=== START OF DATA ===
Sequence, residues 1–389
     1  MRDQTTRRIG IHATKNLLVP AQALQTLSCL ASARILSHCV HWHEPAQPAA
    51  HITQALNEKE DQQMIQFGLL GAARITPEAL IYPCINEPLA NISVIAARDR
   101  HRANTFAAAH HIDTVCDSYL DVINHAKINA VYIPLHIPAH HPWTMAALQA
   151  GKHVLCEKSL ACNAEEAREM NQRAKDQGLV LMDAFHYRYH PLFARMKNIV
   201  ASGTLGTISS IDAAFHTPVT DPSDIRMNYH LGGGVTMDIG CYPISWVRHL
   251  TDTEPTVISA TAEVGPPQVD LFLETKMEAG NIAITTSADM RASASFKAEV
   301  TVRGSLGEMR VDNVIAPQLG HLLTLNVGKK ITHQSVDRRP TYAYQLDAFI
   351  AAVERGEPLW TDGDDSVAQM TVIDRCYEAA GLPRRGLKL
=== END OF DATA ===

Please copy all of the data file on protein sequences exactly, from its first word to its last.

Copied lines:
Sequence, residues 1–389
     1  MRDQTTRRIG IHATKNLLVP AQALQTLSCL ASARILSHCV HWHEPAQPAA
    51  HITQALNEKE DQQMIQFGLL GAARITPEAL IYPCINEPLA NISVIAARDR
   101  HRANTFAAAH HIDTVCDSYL DVINHAKINA VYIPLHIPAH HPWTMAALQA
   151  GKHVLCEKSL ACNAEEAREM NQRAKDQGLV LMDAFHYRYH PLFARMKNIV
   201  ASGTLGTISS IDAAFHTPVT DPSDIRMNYH LGGGVTMDIG CYPISWVRHL
   251  TDTEPTVISA TAEVGPPQVD LFLETKMEAG NIAITTSADM RASASFKAEV
   301  TVRGSLGEMR VDNVIAPQLG HLLTLNVGKK ITHQSVDRRP TYAYQLDAFI
   351  AAVERGEPLW TDGDDSVAQM TVIDRCYEAA GLPRRGLKL